The Houston Texans have never been known as a franchise that is particularly respectable. In fact, for many years the franchise was a perennial doormat that opposing teams would welcome as an addition on their schedule each week especially following a tough game against a contender. As a longtime Houston Texans fan, I’ve been through many, many letdowns after years of feeling like we were just “this close” to being a contender.
The Gary Kubiak era was the start of that flicker of hope. Matt Schaub was brought in to the franchise to join Kubiak’s zone-running, play-action offense. The defense, led by Wade Phillips, was dominant for many years. Schaub brought in excitement that the Texans desperately needed and a quarterback that could throw the ball to an absolute stud in Andre Johnson and utilize Arian Foster to the best of his playmaking abilities.
The honeymoon was tremendous, but the fall was brutal and bitter.
From 2006 to 2010, the Texans continued to get better. Kubiak took this team from 2-14 under Don Capers, to records of 6-10, 8-8, 8-8, 9-7 and 6-10. Yet playoff appearances alluded the franchise. The work Kubiak was doing for the franchise appeared to be working, but the results were quite slow. Finally, in 2011 the Texans made their first ever playoff appearance as the AFC South Divisional winners. The division was long under the reigns of Peyton Manning and the Indianapolis Colts, but finally the Texans would get a taste of Divisional Championship glory. The Texans faced off in the Wild Card round and hosted the Cincinnati Bengals winning 31-10 only to lose to the Baltimore Ravens 20-13. In just 9 years of existence, the Texans had a Divisional Crown and a Playoff Victory.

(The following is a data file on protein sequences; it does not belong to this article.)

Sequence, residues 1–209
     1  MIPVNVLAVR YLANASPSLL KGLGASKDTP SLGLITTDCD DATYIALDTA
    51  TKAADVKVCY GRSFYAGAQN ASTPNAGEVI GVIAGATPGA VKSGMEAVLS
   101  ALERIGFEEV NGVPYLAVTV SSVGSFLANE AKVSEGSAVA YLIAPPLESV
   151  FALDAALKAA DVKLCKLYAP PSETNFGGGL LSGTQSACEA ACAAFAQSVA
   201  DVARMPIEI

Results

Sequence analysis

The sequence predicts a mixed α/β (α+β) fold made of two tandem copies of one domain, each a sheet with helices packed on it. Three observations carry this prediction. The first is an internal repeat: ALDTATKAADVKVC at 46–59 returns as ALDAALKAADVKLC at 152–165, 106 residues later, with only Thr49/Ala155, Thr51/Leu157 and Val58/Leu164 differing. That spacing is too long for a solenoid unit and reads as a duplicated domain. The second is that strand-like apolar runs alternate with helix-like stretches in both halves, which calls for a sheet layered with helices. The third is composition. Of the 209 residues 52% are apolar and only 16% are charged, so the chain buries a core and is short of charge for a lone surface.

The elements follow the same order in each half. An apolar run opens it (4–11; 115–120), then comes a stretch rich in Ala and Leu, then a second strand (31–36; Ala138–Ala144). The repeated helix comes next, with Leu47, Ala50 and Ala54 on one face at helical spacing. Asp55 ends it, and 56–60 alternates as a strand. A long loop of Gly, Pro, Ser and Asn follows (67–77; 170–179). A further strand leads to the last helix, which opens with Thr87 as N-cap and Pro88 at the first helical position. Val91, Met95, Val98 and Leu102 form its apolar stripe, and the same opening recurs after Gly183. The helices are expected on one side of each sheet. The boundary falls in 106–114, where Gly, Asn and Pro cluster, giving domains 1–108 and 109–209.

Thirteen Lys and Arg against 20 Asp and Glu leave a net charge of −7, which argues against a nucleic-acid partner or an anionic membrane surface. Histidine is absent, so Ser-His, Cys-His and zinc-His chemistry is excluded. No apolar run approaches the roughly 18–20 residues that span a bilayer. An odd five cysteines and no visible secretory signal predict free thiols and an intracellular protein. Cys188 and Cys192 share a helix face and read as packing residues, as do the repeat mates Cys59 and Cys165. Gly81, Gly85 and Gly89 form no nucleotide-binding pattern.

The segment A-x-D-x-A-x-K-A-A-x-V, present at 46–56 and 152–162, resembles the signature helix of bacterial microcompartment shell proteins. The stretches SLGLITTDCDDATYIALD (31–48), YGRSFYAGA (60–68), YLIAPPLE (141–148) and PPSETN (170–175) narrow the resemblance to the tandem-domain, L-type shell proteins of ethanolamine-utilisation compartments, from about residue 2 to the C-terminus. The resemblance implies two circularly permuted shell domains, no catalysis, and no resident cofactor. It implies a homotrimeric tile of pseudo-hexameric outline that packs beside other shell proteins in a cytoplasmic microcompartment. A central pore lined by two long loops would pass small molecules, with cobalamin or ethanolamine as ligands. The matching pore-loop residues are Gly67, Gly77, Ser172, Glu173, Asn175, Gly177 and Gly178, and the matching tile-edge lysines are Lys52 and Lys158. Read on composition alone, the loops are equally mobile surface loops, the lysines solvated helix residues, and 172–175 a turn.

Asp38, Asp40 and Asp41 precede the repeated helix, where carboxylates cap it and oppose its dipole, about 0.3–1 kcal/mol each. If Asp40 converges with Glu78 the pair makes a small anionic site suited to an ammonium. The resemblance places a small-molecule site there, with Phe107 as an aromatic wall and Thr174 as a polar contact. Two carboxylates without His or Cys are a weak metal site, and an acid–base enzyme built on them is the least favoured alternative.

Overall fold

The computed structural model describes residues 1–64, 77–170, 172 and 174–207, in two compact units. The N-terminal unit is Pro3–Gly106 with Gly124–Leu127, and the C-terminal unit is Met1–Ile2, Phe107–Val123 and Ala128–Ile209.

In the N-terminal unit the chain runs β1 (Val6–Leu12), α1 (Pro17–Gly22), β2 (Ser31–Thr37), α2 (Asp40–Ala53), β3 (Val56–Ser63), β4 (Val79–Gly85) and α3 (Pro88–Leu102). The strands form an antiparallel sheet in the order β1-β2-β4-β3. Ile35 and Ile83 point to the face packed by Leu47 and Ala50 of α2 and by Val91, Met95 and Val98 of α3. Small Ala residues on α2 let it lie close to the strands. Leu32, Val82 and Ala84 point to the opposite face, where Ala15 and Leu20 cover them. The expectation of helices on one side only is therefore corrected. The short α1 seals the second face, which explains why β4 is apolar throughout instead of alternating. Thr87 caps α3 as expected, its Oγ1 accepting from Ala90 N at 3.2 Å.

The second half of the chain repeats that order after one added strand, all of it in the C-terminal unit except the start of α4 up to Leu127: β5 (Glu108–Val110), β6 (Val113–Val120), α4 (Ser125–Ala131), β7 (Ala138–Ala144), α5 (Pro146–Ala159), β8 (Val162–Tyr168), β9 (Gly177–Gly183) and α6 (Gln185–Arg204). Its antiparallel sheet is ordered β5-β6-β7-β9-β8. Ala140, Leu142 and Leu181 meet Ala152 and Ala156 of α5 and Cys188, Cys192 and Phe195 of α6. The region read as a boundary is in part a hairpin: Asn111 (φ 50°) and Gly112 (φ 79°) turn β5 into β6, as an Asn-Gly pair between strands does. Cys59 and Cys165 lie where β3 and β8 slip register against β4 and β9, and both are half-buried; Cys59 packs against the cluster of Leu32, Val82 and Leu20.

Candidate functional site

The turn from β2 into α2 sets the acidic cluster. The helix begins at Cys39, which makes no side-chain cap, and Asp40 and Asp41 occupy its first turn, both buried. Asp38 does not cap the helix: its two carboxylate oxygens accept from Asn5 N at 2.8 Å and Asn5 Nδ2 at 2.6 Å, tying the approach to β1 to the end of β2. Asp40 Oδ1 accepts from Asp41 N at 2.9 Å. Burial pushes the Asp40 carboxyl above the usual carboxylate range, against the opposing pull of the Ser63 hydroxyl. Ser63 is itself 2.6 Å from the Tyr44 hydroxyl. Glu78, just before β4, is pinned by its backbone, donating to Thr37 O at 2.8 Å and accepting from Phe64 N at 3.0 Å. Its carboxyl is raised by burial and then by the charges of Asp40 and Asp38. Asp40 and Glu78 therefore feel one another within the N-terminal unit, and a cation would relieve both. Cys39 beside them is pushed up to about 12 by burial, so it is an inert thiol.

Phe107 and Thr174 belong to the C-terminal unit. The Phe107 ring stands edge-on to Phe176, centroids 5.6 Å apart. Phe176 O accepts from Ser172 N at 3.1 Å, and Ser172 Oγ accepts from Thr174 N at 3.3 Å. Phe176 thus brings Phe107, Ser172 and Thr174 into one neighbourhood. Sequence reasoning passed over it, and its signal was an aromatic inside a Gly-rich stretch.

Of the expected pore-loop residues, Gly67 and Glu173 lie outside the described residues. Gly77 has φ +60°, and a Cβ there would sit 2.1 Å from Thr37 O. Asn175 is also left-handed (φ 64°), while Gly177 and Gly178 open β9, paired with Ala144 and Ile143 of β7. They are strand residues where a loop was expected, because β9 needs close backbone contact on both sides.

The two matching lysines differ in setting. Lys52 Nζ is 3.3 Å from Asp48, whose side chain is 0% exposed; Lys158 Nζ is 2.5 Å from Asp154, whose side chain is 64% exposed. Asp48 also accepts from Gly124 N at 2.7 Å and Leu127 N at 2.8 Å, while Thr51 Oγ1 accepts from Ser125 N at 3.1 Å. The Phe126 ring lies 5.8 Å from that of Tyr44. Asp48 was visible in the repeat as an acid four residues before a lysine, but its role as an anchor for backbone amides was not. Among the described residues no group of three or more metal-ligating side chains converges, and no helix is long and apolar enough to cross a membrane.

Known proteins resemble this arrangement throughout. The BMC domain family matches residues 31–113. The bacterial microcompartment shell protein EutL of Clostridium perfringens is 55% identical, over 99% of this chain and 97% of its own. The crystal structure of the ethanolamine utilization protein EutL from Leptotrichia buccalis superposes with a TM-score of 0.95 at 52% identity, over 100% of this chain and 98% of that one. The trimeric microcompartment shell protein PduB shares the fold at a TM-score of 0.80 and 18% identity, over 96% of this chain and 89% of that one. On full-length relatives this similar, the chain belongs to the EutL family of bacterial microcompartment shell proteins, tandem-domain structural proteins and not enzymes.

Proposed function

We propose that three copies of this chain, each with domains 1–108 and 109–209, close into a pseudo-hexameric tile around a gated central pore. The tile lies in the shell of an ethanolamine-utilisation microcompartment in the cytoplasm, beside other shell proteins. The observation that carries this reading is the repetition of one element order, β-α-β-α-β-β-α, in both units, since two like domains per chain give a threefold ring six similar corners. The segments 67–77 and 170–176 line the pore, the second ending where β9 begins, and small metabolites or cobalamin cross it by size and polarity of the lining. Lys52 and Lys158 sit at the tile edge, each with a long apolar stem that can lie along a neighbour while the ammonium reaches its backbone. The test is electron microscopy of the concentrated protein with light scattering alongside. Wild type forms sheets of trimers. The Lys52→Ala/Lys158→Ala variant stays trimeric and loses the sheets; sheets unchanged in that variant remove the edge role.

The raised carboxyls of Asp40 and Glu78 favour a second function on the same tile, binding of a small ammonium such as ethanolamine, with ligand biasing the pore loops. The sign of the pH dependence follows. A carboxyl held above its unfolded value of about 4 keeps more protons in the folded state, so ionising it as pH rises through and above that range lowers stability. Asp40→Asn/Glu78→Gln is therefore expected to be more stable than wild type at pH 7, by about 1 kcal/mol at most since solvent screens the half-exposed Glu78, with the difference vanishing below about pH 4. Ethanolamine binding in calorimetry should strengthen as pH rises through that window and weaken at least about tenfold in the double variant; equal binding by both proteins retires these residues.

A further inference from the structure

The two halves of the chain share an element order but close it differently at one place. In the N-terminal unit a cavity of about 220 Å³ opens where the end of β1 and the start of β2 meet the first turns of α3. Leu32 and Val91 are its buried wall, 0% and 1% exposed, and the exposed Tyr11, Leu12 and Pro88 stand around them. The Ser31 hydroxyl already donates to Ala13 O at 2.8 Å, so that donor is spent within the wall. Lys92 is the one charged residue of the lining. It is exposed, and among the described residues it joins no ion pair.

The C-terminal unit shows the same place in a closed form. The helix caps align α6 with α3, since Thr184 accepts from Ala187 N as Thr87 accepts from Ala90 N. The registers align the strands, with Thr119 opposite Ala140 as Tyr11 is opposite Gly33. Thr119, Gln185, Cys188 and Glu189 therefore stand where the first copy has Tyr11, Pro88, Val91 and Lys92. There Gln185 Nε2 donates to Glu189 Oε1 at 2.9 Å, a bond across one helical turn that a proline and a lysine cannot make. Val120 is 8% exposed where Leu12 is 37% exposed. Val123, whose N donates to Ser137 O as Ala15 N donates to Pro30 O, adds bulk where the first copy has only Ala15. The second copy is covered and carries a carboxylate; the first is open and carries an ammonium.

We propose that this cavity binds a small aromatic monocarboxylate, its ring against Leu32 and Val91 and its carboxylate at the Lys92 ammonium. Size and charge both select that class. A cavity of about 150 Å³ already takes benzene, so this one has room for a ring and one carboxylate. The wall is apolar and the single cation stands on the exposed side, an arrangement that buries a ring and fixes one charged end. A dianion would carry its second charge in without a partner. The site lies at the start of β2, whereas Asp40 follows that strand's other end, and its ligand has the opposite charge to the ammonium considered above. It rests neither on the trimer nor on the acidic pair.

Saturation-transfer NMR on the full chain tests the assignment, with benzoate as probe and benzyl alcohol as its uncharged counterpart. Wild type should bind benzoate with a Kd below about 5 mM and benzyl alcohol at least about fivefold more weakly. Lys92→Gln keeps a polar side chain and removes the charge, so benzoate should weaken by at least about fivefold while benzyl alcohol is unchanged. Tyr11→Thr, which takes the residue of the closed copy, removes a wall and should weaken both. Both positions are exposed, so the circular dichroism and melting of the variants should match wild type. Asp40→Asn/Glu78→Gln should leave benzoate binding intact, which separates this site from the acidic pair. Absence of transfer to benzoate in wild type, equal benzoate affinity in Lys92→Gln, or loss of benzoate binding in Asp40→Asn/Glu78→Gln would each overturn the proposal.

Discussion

In 2012, the Texans had a tremendous year at 12-4 and seemed to be a legitimate contender for a Super Bowl appearance for most of the year, but the wind was let out of the sails late in the season. The Texans were the top-seed in the AFC for the majority of the season, but ended up playing the Wild Card round hosting the Cincinnati Bengals. Once again, the Texans would beat these Bengals only to lose to the New England Patriots 41-28.
The next season, the Texans would go 2-14 and fire Gary Kubiak after a 2-11 start. Kubiak and Phillips naturally went on to win a Super Bowl the next season, their first in Denver.
Enter Bill O’Brien who burned this sucker to the ground.
O’Brien had a reasonably successful reign as the Texans Head Coach despite all of his flaws as a GM. From 2016 to 2020, the Texans would go 9-7, 9-7, 4-12, 11-5, and 10-5 before starting this season 0-4. O’Brien led the Texans to 4 Divisional Crowns and 2 Playoff Victories. It seemed like Houston was on the cusp of becoming a respectable franchise after back-to-back 10 win seasons and a reasonable amount of success in 18 years of existence. There are many franchise in the NFL that would love to have 6 Divisional Title and 4 playoff victories during that run.
Suddenly, O’Brien would start to lose his mind. He traded Duane Brown to Seattle for peanuts. He traded Jadeveon Clowney for cashews. He traded away the future for a left tackle including a pair of picks that currently sit as #5 and #37 in the 2021 draft, picks that would greatly help a Texans defensive unit that couldn’t stop the crew here at Shooting the Sports Ish from scoring touchdowns.
Houston will pay for the freedom Bill O’Brien was allowed to have during his run as Coach/GM.